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Espaces et échanges, how the various waves of migration and the periods of boom and bust in Ireland have given rise to different forms of economic, social and cultural exchange.

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Par   •  30 Novembre 2017  •  Thèse  •  771 Mots (4 Pages)  •  887 Vues

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  • A space is a geographical limited area where interactions happen whether between a space and another or between individuals in a same space. An exchange is the act of giving or receiving something in substitution for something else. We are going to show how the various waves of migration and the periods of boom and bust in Ireland have given rise to different forms of economic, social and cultural exchange.


The Great Famine was a watershed in Ireland’s history. This Hunger spend from 1845 to 1852 and it’s proximate reason was a potato disease commonly known as potato blight, composed of a fungus named “phytophthora” that caused the potato to turn black and decay quickly. They tried to grow the potatoes but it was to no avail since the infections disease was already rampant and it ravaged the entire crops leading to a mass starvation knowing that potato is the staple food of Irish citizens. Fortunate citizens were the ones that were able to gather money needed by selling whatever they had, to live comfortably. Yet deprived tenants were evicted from their homes, as they could no longer pay the rent therefore they found themselves homeless overnight and had no choice but to emigrate to fight for survival and a better living conditions and some landlords helped their tenants as act of generosity and charity. Emigrants travelled towards Canada, England, Scotland, Australia or USA on ships that were called “coffin ships” since they where filled with dead innocent bodies.

There were two ways to travel, standard class, where better sustaining conditions were offered such as access to decks, berths, water so a better hygiene, and very few could afford it. While steerage passenger’s travelling conditions were dreadfully appalling, they lived below deck, women and children of all ages huddled together without light without air, weltering in filth and breathing a fetid atmosphere dispirited in heart, bereft of hope, forlorn of dignity and dying without the voice of spiritual consolation, and buried in the deep without the rites of the Church. Moreover, the agonized ravings of the ill were disturbing those around and thugs were ruffianly preying upon the weakest. Water was scarce and food was ill selected. Most of those who were left behind died.

However, surviving the voyage was not the end of the hardship for famine emigrants. In fact, for most, it was just the beginning of a new chapter of desolation. A great number of these emigrants had never previously ventured outside their own local areas suddenly they found themselves transported thousands of miles away, from a rural to urban landscape, to a very alien social environment where the inhabitants didn’t speak the same language and, frequently, showed a deep loathing for their Irishness and their Catholicism. This was bewildering and devastating to them. Many famine emigrants were overwhelmed by their new surroundings and became easy prey for exploitation. Grinding poverty, unemployment or backbreaking, dangerous work for little pay, they struggled to improve their circumstances.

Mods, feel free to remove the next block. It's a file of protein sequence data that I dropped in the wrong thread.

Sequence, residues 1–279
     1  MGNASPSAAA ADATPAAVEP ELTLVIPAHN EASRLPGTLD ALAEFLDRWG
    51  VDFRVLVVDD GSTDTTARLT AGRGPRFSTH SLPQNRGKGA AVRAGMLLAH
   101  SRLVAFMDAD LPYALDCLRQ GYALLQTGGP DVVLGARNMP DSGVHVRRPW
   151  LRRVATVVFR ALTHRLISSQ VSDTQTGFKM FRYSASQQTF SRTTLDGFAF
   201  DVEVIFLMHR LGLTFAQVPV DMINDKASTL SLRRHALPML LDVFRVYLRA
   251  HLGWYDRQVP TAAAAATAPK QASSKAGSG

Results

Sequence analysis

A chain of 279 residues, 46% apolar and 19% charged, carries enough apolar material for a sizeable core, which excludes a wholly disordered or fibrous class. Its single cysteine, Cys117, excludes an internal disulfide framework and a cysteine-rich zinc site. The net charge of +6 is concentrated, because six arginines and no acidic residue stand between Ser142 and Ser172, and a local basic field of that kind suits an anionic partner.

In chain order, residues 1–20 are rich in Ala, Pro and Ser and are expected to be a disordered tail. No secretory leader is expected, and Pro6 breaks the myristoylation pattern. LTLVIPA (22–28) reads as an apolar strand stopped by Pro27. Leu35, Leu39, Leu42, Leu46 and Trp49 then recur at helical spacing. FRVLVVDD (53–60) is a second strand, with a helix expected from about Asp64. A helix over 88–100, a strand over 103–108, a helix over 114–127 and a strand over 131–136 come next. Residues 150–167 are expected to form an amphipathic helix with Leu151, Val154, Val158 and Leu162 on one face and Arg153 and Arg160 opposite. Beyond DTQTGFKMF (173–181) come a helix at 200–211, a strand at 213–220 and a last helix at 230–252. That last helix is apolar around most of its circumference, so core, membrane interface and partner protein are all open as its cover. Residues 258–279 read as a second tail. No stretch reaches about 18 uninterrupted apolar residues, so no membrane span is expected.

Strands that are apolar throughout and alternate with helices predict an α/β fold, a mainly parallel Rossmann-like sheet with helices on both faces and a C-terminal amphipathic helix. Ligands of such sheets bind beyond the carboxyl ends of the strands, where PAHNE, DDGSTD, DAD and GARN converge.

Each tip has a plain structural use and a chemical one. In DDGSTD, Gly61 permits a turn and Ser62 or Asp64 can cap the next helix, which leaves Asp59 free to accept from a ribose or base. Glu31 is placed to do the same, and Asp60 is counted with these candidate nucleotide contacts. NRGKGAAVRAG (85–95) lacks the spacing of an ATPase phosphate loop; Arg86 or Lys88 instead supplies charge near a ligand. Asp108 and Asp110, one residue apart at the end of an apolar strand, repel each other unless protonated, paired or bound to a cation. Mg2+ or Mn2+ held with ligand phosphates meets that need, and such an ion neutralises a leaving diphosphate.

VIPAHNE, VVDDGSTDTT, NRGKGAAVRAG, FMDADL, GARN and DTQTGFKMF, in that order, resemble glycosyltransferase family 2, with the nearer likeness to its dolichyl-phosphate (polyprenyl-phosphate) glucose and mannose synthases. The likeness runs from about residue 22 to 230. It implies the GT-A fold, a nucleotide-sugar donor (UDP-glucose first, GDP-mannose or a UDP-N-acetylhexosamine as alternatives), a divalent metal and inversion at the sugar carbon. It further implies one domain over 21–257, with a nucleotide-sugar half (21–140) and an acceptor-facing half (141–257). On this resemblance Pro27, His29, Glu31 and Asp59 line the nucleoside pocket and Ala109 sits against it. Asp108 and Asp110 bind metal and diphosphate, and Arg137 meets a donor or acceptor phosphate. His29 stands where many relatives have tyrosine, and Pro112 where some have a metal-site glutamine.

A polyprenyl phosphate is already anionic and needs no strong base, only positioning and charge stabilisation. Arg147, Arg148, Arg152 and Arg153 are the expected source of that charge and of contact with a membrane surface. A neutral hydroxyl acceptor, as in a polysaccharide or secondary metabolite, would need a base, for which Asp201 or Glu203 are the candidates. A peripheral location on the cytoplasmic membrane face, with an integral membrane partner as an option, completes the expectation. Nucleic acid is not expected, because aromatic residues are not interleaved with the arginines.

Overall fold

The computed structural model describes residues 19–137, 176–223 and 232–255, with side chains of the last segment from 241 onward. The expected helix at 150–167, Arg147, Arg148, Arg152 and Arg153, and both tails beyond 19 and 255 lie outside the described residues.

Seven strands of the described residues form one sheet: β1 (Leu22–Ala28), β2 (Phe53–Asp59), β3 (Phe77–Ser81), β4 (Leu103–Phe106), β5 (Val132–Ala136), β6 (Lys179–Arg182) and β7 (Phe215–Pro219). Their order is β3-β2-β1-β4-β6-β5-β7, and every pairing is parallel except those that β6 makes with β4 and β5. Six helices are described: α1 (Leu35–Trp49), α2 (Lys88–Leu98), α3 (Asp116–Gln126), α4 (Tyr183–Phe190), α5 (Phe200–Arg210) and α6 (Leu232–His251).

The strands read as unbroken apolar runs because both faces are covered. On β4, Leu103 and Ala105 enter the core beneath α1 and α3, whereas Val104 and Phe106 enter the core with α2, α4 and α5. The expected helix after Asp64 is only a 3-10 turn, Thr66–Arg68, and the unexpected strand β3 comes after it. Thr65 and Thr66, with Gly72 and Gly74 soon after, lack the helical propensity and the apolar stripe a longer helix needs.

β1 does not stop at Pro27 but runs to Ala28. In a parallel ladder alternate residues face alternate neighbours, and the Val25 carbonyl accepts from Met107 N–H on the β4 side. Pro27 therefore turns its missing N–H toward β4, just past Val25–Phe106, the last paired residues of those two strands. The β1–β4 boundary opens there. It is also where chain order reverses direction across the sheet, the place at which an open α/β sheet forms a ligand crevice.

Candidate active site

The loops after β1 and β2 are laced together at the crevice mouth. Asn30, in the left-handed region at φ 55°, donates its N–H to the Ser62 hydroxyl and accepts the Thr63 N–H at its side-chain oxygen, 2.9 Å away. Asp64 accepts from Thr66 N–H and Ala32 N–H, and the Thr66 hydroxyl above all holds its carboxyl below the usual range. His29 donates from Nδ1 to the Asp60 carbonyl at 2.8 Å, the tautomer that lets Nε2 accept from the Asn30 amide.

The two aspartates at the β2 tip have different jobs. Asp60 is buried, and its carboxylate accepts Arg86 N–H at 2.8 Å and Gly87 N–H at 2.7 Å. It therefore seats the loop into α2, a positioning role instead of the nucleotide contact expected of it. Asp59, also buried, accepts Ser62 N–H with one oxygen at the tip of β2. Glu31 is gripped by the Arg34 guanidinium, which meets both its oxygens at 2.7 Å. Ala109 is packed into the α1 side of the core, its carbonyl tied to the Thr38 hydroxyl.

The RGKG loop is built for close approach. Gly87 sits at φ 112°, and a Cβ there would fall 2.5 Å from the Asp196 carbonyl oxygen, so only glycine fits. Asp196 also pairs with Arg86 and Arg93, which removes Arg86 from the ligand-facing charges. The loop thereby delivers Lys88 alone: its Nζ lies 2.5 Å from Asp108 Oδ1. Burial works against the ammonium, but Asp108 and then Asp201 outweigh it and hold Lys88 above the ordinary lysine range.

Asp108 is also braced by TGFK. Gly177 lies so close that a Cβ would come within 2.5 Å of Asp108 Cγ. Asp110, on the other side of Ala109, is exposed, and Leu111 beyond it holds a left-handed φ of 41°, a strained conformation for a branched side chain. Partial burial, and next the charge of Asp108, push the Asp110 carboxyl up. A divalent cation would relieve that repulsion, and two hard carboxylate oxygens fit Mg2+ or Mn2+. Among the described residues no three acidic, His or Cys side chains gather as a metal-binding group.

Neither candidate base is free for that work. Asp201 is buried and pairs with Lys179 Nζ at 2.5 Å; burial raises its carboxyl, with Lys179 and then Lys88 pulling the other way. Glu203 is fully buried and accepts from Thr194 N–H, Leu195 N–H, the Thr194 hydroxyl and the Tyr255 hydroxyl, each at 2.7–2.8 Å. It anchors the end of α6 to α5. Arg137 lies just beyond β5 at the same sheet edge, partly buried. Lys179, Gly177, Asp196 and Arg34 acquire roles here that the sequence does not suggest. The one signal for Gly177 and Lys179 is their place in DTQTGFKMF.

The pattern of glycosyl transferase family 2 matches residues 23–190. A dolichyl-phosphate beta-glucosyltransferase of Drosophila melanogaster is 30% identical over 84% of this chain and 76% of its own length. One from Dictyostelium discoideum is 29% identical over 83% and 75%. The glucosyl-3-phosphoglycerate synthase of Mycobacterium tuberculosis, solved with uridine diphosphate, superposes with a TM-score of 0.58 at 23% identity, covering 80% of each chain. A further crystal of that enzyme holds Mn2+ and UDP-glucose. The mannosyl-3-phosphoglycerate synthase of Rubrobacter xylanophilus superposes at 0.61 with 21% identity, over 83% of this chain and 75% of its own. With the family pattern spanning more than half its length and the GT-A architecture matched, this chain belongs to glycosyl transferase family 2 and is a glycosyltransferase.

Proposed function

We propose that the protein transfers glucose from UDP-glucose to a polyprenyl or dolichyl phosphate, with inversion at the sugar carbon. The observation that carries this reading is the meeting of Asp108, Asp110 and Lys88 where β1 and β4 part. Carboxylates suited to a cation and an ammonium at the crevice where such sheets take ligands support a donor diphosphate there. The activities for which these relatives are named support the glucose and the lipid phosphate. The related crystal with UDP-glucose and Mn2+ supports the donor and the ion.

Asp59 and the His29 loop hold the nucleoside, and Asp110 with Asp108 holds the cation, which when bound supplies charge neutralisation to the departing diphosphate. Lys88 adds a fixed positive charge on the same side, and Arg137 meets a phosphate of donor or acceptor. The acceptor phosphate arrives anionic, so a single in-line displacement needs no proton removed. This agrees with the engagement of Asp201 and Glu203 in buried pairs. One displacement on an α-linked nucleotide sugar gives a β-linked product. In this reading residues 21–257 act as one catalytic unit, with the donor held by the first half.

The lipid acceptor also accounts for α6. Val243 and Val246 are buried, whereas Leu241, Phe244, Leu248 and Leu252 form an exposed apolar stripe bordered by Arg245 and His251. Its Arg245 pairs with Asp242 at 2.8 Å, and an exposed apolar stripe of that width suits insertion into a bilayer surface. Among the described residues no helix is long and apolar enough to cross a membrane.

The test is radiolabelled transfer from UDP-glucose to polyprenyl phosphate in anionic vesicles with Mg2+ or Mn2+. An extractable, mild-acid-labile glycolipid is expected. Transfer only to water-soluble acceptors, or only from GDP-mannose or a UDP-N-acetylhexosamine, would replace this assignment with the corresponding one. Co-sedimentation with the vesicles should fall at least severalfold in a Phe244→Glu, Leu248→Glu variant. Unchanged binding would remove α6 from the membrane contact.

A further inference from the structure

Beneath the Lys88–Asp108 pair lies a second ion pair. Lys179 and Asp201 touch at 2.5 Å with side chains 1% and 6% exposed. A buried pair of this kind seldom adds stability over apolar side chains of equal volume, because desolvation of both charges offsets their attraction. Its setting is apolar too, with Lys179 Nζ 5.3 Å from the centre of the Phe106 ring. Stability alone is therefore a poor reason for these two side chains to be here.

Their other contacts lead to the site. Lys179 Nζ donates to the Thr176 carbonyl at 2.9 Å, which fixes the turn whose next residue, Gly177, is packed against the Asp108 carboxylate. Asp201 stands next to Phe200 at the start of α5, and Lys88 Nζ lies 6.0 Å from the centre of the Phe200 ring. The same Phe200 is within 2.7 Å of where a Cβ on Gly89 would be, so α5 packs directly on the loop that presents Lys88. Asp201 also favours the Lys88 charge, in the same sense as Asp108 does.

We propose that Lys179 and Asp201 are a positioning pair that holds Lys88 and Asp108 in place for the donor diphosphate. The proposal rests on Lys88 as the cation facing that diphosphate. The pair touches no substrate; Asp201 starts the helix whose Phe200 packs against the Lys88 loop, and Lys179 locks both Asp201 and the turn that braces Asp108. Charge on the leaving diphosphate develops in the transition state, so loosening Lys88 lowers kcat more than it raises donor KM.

Axe 2:

After 150 year of population decline as native Irish fled dire economic conditions, Ireland is now one of Europe’s fastest growing and most prosperous nations. The white-hot “Celtic Tiger” economy of recent years has leveled off, but Ireland continues to be a magnet for immigrants.

The terrifying period was not that long, but it had sever repercussion that are still apparent today but not as violent, in fact the Celtic Tiger was able to find its feet. For Ireland had a number of engines of growth that pulled it through the difficulties, mostly its approach to lower corporate taxes in addition to flexibility in the workforce and the fact that it’s an English country placed in the Eurozone. The country became an attraction for investors. Celtic Tiger also known as the big boom, the best time to hear it roar is at night, as the newly moneyed hordes converge on clubs, lounges and hotel lobby bars to feed it. Ireland is struggling to integrate hundreds of thousands of new immigrants and to provide them with education, health, welfare and transportation services as fast as they arrive. The nation’s population reached over 4.1 million, its highest level since before the famine years of the mid-19th century. In such way, its economy was booming, fueled by mass consummation that loved the unemployment, besides the government was hailed as the poster child for EU-IMF backed austerity as Ireland hit its spending cut targets. However, this dream was short lived because in 2008, economic bust resulted. In a crash in poverty prices, soaring unemployment and the return of something the Irish dread the must: emigration.  


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